Usury laws

Usury laws

Laws limiting the amount of interest that can be charged on loans.

Usury Law

Any law restricting banks, credit cards, and financial services companies from charging an excessive amount in interest. In 1978, the U.S. Supreme Court held that a company may charge the legal interest rate in the state in which it is registered, regardless of where the borrower lives. As a result, many American credit card companies are registered in South Dakota, which has quite loose restrictions.
References in periodicals archive ?
(105) Newly admitted states, in turn, generally copied their usury laws from existing states.
Use of a liquidated damages clause in such a context might run afoul of usury laws and would likely not be as accurate in reflecting the damages incurred by the party attempting to collect the money.
At its December meeting, the committee asked for more time, noting that an intermediate Ohio appellate court had held that advance funding schemes were indeed loans and violated that state's usury laws. In the meantime, they asked that Florida lawyers seeking advice on the issue be told of the pending advisory opinion and the Ohio court decision.
Rothbard also faults Smith for not having been a consistent advocate of laissez-faire policies, alleging that Smith advocated various forms of state intervention in the economy, including the establishment of a government post office, and that he supported rigid usury laws. His overall assessment of Smith's scholarship is that Smith "originated nothing that was true, and whatever he originated was wrong; that [Smith] was a shameless plagiarist, acknowledging little or nothing and stealing large chunks, for example, from Cantillon" (435).
To wit, his chapter on local banking - as distinct from the international financial empires of families like the Medici - illustrates the active local banking scene of money-changing, high-level pawnbroking via jewels, current accounts, and time deposits that helped free capital while sidestepping usury laws. The next chapter on the Medici bank is a fitting companion to the previous one, for both contest conclusions of Raymond De Roover, the premier historian of the Medici bank.
Still Smith thought that European countries that enforced usury laws were only furthering the "evil of usury":
Finally, we turn to the case of a note-issuing private bank that is constrained by usury laws that impose a maximum nominal rate of interest that banks can charge on loans, say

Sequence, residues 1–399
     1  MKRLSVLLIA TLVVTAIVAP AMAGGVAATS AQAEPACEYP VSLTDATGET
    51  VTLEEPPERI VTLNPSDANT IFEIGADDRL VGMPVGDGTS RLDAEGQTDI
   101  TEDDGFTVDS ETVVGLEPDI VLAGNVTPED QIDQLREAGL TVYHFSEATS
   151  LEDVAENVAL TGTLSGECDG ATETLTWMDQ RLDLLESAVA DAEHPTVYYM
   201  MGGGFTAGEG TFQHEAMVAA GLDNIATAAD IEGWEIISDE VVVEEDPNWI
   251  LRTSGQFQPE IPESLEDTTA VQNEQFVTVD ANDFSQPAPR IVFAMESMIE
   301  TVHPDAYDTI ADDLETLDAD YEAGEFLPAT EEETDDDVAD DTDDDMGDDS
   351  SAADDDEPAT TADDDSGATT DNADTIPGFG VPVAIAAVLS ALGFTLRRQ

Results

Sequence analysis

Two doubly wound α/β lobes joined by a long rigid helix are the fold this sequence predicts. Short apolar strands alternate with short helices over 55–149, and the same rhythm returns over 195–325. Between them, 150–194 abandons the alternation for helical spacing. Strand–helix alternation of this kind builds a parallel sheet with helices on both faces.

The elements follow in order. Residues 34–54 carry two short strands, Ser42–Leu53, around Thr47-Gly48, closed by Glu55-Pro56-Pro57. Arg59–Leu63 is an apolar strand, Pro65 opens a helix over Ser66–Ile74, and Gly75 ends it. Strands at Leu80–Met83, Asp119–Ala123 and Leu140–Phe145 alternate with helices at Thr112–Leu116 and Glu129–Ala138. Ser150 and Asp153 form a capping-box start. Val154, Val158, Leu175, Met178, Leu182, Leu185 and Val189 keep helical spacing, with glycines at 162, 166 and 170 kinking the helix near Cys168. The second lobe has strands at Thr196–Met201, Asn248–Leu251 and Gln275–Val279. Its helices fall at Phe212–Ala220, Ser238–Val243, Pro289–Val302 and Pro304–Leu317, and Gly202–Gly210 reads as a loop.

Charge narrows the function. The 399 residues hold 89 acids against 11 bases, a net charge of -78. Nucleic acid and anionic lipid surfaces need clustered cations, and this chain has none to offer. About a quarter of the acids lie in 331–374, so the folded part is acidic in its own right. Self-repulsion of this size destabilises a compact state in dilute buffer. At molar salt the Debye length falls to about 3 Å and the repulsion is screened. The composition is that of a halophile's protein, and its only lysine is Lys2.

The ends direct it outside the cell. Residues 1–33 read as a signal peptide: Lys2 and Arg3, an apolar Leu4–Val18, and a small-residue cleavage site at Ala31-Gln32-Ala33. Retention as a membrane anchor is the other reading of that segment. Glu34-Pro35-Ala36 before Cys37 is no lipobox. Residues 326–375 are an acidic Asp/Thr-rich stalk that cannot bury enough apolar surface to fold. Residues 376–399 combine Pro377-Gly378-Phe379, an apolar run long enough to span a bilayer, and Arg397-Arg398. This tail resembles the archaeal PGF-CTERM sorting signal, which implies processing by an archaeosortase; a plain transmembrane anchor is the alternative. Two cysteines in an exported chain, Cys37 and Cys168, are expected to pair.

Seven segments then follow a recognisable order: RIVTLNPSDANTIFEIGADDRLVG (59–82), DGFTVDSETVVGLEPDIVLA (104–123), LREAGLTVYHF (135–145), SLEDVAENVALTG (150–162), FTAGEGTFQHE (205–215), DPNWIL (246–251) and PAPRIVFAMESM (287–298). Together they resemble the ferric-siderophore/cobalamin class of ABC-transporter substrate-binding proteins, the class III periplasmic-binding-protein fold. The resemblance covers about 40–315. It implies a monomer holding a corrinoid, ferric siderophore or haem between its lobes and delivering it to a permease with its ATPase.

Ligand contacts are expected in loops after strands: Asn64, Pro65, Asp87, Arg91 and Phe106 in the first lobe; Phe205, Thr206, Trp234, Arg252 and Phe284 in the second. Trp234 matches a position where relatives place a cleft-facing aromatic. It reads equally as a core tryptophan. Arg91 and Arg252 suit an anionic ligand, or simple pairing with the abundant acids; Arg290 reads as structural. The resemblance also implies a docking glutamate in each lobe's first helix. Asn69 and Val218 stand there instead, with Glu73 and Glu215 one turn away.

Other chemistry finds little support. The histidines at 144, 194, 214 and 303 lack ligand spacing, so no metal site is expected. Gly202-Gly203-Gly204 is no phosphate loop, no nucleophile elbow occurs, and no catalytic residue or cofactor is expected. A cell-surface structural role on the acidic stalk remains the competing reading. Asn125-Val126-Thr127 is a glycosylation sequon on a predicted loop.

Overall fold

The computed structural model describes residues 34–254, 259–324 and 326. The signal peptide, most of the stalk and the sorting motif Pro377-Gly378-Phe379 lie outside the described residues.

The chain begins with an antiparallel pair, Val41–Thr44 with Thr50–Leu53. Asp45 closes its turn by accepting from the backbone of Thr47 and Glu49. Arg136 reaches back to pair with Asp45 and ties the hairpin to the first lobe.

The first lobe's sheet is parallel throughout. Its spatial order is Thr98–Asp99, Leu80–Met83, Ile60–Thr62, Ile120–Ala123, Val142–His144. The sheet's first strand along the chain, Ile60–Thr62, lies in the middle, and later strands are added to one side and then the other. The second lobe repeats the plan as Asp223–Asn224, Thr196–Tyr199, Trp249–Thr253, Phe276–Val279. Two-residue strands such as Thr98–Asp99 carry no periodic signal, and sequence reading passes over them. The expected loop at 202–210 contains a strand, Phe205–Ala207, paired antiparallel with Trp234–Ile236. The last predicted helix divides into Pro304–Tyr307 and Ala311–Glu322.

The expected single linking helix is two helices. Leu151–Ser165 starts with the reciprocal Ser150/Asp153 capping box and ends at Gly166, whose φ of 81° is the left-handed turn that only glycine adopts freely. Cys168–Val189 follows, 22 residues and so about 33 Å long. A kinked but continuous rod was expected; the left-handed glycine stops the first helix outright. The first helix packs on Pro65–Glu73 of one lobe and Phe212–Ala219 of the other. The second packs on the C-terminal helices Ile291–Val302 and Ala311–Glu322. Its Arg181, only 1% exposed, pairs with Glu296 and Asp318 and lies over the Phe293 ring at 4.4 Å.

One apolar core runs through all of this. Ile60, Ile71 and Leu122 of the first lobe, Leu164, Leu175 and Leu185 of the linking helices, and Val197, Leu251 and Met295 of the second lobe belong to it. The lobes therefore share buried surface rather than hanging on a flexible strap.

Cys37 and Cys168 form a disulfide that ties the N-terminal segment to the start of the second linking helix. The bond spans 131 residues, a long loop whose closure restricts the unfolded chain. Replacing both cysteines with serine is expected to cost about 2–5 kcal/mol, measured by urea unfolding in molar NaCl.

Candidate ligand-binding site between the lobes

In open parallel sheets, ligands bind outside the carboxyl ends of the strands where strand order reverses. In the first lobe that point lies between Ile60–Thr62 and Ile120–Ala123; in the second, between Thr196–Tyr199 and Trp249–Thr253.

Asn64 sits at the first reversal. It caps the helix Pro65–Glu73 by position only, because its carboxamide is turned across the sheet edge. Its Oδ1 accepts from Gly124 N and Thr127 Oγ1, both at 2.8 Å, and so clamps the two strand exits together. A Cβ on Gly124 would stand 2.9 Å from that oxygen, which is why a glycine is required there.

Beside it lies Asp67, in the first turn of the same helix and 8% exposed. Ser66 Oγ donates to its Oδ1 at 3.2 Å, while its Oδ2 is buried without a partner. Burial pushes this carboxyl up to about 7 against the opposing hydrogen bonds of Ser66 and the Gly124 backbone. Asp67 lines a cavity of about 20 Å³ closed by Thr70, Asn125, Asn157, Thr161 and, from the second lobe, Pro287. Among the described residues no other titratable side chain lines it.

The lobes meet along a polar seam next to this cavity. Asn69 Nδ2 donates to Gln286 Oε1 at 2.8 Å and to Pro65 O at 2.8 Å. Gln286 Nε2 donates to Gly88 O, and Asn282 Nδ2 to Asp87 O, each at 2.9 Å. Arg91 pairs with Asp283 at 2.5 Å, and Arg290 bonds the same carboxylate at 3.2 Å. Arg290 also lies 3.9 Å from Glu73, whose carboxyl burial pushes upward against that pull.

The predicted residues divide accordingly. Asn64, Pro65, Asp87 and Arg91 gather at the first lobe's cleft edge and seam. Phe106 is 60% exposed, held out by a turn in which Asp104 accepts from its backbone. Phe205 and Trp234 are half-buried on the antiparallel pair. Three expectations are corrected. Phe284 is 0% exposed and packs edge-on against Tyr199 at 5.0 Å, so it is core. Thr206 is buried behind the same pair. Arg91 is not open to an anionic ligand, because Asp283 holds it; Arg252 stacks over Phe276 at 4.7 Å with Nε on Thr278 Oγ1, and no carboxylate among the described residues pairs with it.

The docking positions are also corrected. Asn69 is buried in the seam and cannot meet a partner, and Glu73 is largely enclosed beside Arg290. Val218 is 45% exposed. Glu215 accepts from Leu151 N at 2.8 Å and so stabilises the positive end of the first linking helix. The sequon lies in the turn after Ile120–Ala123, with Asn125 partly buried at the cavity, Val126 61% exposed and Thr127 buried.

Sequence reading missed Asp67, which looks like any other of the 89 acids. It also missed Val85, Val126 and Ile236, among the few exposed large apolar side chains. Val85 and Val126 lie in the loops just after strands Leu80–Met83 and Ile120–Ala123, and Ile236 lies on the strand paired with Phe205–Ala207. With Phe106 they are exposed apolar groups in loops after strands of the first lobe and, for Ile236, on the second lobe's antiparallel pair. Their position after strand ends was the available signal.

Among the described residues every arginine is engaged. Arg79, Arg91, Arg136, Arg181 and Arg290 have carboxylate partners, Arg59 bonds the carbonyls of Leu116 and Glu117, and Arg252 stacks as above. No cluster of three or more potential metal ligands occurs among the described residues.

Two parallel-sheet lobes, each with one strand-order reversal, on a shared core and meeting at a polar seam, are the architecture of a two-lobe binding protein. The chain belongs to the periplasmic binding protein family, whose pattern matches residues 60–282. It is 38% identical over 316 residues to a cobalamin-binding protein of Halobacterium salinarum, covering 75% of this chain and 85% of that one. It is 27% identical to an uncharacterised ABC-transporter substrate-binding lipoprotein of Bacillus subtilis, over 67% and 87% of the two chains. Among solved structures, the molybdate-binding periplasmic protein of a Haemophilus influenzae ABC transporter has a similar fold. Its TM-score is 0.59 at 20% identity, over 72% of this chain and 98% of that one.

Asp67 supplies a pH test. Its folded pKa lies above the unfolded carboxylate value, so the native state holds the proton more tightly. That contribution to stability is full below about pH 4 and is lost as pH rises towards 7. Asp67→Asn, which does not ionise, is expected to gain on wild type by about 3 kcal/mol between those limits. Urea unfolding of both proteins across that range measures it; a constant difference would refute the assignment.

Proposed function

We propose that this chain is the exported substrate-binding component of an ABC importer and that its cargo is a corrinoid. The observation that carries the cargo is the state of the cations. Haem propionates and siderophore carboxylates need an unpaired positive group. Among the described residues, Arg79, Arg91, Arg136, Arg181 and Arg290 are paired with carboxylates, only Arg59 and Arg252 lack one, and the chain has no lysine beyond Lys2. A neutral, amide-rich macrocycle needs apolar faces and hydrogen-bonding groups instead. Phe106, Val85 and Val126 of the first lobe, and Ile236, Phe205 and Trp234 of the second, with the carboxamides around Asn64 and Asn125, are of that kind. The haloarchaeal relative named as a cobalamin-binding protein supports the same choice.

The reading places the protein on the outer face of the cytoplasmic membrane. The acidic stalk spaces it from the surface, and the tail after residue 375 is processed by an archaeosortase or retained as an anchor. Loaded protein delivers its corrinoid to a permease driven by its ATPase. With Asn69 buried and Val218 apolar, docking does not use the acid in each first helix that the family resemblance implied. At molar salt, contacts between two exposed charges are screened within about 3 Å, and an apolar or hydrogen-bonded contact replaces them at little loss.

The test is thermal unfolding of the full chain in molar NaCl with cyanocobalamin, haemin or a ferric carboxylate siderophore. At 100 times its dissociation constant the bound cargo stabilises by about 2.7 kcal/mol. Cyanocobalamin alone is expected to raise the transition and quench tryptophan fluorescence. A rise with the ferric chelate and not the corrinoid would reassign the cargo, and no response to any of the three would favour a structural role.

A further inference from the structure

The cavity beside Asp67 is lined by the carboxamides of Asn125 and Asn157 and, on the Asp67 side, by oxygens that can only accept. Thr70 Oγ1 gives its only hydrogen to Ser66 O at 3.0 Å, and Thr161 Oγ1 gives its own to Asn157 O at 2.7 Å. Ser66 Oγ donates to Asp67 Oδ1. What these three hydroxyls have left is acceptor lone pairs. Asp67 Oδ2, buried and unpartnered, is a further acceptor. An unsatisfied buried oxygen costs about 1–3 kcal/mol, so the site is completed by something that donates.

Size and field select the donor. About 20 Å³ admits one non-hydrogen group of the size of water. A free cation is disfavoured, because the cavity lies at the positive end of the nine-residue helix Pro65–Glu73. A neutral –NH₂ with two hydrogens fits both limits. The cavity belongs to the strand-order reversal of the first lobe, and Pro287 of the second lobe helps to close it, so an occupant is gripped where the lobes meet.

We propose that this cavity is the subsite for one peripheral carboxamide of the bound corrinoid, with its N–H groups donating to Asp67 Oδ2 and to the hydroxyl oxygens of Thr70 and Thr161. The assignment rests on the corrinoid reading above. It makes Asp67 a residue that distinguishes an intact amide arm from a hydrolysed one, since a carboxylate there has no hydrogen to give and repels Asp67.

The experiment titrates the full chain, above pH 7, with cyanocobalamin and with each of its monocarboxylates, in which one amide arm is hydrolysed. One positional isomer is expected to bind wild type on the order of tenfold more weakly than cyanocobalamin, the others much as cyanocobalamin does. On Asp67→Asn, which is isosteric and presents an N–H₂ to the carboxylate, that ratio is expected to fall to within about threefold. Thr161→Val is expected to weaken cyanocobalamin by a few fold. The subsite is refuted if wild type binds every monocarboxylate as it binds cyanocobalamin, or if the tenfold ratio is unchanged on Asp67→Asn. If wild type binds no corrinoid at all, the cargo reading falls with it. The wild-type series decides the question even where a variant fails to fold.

In Bollinger, a corporation (which was wholly owned by a partner in some partnerships) held title to apartment complexes in order to avoid restrictions imposed upon noncorporate borrowers under a state's usury laws. The partnerships were held to be the owners of the complexes since, in substance and in form, the corporation was an agent.
But theres a problem with this state-by-state approachmost of these state laws are riddled with loopholes and out of state lenders are able to evade state usury laws. My bill would require all consumer lending to conform to the 36 percent APR limit, effectively eliminating the many loopholes that have allowed predatory practices to flourish in states around the country.
This lawsuit alleges that the Defendants intentionally offered loans and collected payments in Virginia despite knowing that those loans would be illegal under Virginia's usury laws. The loans were subject to an APR much higher than 12 percent, though neither the Tribe nor any of the Defendants had a consumer finance license permitting them to charge interest at such a high rate.
Therefore, an FDIC-insured commercial bank or savings institution that engages in lending activities in more than one state is not burdened with the dilemma of addressing and resolving the differences in state usury laws and the need to decide which law it needs to obey, because it need only observe the usury limits of the state where it is located.
In any of the foregoing cases, any money, fruits, or other benefit to be received by the vendee as rent or otherwise shall be considered as interest which shall be subject to the usury laws.